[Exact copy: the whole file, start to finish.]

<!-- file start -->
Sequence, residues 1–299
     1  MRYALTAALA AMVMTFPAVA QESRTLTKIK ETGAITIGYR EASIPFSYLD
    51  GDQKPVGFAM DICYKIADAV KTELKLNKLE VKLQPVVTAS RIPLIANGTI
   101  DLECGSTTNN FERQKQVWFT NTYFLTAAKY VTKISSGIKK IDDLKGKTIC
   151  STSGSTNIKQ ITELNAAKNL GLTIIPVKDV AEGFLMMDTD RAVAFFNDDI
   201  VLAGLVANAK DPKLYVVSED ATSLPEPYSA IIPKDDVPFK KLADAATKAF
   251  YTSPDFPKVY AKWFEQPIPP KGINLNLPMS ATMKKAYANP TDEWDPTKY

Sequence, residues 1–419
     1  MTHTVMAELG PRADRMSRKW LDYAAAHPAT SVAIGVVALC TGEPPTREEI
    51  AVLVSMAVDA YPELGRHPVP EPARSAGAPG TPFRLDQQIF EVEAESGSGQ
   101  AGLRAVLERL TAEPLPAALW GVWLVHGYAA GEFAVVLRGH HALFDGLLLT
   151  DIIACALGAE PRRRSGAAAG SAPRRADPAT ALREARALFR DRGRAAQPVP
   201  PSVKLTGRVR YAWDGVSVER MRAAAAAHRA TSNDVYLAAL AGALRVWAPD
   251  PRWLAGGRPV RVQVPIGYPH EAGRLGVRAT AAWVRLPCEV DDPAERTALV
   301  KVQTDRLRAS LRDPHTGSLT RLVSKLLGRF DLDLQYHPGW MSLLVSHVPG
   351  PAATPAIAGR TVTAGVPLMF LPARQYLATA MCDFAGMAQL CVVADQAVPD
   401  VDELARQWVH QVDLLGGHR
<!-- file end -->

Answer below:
Sequence, residues 1–299
     1  MRYALTAALA AMVMTFPAVA QESRTLTKIK ETGAITIGYR EASIPFSYLD
    51  GDQKPVGFAM DICYKIADAV KTELKLNKLE VKLQPVVTAS RIPLIANGTI
   101  DLECGSTTNN FERQKQVWFT NTYFLTAAKY VTKISSGIKK IDDLKGKTIC
   151  STSGSTNIKQ ITELNAAKNL GLTIIPVKDV AEGFLMMDTD RAVAFFNDDI
   201  VLAGLVANAK DPKLYVVSED ATSLPEPYSA IIPKDDVPFK KLADAATKAF
   251  YTSPDFPKVY AKWFEQPIPP KGINLNLPMS ATMKKAYANP TDEWDPTKY

Sequence, residues 1–419
     1  MTHTVMAELG PRADRMSRKW LDYAAAHPAT SVAIGVVALC TGEPPTREEI
    51  AVLVSMAVDA YPELGRHPVP EPARSAGAPG TPFRLDQQIF EVEAESGSGQ
   101  AGLRAVLERL TAEPLPAALW GVWLVHGYAA GEFAVVLRGH HALFDGLLLT
   151  DIIACALGAE PRRRSGAAAG SAPRRADPAT ALREARALFR DRGRAAQPVP
   201  PSVKLTGRVR YAWDGVSVER MRAAAAAHRA TSNDVYLAAL AGALRVWAPD
   251  PRWLAGGRPV RVQVPIGYPH EAGRLGVRAT AAWVRLPCEV DDPAERTALV
   301  KVQTDRLRAS LRDPHTGSLT RLVSKLLGRF DLDLQYHPGW MSLLVSHVPG
   351  PAATPAIAGR TVTAGVPLMF LPARQYLATA MCDFAGMAQL CVVADQAVPD
   401  VDELARQWVH QVDLLGGHR